Kamasi Washington

Pitchfork Top Fifty Albums 2015: Number Ten

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I like music.  I don’t think that sentence needs an adjective.

If you are a musical omnivore one thing you notice is that the expectations of your fellow diners can sometimes change.  Some people who like jazz music seem to like it the same way that some wine drinkers like their wine: with plenty of potential for snobbery.  I drink wine and listen to jazz in the same way: if I like it then I call it good.

Kamasi Washington’s The Epic is good.  If it were a glass of wine I would have taken a sip then paused and sort of looked at the glass of wine askance with a facial expression that encapsulated the thought: “woah, that is really good wine, I was not expecting that.”  Firstly, it is a really big bottle of wine (yes, I am going to ride this image into the ground), and in my experience huge bottles and casks are not noted for their quality.  This album is three hours long.  Every musical snob knows that a double LP is usually a mistake, but a triple?  Secondly, it is a wine that is out fashion and therefore sets a new trend.  It’s like intending to drink Black Tower ironically and discovering its suddenly become great in some kind of weird  way.  How does a full choir and Coltrane make sense?  Well, it does.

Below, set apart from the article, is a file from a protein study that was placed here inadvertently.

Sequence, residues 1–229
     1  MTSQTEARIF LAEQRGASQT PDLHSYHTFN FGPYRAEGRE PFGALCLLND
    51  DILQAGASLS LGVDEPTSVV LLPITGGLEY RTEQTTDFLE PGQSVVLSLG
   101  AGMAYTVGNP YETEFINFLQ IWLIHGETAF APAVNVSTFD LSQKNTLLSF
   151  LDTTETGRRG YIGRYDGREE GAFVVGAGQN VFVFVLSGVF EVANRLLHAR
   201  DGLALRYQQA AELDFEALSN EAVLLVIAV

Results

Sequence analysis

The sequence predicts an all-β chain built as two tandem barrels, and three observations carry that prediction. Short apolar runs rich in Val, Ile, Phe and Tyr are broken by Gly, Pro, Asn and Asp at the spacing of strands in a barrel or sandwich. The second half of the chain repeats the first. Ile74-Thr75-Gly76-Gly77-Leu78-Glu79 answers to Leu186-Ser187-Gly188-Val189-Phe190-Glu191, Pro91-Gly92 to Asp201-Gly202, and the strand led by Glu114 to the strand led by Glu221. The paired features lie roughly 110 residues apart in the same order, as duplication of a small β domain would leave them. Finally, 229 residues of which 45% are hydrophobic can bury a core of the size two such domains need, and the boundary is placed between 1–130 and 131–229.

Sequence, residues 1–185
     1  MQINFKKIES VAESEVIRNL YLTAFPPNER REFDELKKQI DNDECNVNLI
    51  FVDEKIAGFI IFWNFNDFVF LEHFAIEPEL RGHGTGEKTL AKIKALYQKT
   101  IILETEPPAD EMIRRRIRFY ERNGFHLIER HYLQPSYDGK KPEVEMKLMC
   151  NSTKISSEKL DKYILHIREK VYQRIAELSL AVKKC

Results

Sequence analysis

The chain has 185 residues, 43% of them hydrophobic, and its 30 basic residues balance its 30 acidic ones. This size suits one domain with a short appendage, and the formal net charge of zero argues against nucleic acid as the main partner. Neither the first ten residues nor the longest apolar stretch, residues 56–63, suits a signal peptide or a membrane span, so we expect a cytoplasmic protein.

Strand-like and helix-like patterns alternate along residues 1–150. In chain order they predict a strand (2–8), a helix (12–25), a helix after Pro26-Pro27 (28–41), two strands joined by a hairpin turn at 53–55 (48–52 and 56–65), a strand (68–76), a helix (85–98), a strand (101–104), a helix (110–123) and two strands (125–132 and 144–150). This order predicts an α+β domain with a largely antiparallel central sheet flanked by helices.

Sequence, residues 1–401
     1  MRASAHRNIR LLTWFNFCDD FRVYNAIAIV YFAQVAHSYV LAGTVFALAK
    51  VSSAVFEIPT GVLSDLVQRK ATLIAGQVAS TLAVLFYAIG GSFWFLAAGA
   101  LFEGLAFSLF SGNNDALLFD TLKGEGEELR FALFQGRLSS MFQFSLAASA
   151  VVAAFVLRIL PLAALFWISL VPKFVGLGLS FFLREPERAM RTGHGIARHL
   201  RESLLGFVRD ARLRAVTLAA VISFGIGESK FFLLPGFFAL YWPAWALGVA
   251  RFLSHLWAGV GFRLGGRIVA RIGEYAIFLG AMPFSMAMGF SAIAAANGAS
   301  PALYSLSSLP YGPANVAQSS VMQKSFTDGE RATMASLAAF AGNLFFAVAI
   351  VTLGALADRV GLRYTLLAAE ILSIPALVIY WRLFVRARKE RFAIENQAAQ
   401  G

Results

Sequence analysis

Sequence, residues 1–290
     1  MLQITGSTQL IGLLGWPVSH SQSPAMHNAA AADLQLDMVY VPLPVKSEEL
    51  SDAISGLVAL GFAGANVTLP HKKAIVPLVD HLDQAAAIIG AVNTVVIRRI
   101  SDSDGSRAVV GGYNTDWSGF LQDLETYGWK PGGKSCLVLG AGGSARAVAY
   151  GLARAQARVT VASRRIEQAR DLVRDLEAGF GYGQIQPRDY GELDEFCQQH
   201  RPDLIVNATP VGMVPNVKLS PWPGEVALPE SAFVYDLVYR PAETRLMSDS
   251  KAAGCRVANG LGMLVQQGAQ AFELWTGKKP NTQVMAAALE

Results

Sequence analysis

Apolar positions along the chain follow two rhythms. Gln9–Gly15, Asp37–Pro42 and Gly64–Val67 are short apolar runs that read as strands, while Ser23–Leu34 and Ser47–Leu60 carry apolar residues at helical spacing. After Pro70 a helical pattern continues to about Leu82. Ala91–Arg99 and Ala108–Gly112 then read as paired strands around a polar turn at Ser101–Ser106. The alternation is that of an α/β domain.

You notice I said Coltrane.  This is my one reference.  I don’t have the ability to analyse music beyond superficial things.  When people do the “notes of blackberry” shit with their wine tasting I am – like most people – irritated as hell, and a bit jealous.  “I wish,” I think, “I could appreciate something that much”.  In jazz there is this richer appreciation going on that I cannot do.  I wish I could do it, because when someone explains something in a song to me it really makes me enjoy it more.  Cathy has a music degree, and a great ear, and she can do this.  She can tell me why Gnarls Barkley’s Crazy is cool, or about the unusual time register of Money by Pink Floyd.  She can also explain counterpoint, but that’s harder and not as immediately useful as a party trick to drop into conversation and impress friends.